LONDON (Reuters) -Britain increased its public borrowing in the first five months of the tax year, according to data published on Thursday, and finance minister Jeremy Hunt looks likely to have little room to offer major tax cuts to voters later this year.
Public sector net borrowing, excluding state-owned banks, totalled 69.6 billion pounds ($85.7 billion) in the April-August period, 19.3 billion pounds more than a year earlier.
The figure for the financial year so far was 11.4 billion pounds less than expected by official fiscal forecasters whose projections underpin the government's budget plans.
But analysts said a slowdown in the economy would hurt tax revenues and the Office for Budget Responsibility was likely to revise up its estimates for debt interest spending when Hunt makes his next budget statement in November.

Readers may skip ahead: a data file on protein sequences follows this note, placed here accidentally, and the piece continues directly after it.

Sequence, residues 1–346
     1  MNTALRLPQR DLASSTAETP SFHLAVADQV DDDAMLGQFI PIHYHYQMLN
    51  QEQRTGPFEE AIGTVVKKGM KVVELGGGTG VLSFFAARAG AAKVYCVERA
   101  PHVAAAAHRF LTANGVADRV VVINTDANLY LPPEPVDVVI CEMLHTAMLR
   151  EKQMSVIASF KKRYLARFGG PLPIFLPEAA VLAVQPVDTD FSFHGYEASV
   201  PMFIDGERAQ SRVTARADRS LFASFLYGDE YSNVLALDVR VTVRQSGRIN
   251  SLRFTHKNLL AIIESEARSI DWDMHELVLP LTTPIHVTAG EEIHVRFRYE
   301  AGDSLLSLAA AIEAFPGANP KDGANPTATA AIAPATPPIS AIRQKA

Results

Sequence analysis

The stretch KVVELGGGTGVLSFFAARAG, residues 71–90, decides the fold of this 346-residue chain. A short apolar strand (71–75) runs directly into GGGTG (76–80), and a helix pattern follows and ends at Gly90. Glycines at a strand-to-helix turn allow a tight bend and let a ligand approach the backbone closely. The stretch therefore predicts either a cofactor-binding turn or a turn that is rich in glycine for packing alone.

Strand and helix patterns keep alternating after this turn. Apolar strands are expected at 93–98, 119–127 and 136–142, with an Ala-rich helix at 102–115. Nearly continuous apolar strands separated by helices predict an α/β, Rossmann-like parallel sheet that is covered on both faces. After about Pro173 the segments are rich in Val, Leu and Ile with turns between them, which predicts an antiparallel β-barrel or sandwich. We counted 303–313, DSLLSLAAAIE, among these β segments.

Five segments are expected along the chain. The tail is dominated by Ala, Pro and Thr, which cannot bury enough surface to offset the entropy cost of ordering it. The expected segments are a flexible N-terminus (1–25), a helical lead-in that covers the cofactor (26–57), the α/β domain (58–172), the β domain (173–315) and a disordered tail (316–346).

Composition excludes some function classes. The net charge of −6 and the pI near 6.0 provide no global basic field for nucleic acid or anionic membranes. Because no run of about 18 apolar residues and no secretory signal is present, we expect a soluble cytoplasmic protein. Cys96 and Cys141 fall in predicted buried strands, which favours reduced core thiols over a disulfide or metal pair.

"Households usually enjoy tax cuts in the run-ins to general elections, but we expect Mr. Hunt to make only token gestures in the Autumn Statement," Samuel Tombs, an economist with Pantheon Macroeconomics, said.
Thursday's data showed Britain recorded a slightly larger-than-expected budget deficit in August alone.
The public sector spent more than it received in taxes and other income during the month, requiring it to borrow 11.6 billion pounds, the Office for National Statistics said.
A Reuters poll of economists had pointed to public sector net borrowing, excluding state-owned banks, of 11.3 billion pounds.
"These numbers show why after helping families in the pandemic we now need to balance the books," Hunt said in a statement.
"That becomes much easier when inflation is under control because higher inflation pushes up interest rates, so we need to stick to the plan to get it down." ($1 = 0.8120 pounds)
($1 = 0.8123 pounds)
(Reporting by William Schomberg and Muvija M; Editing by Kate Holton)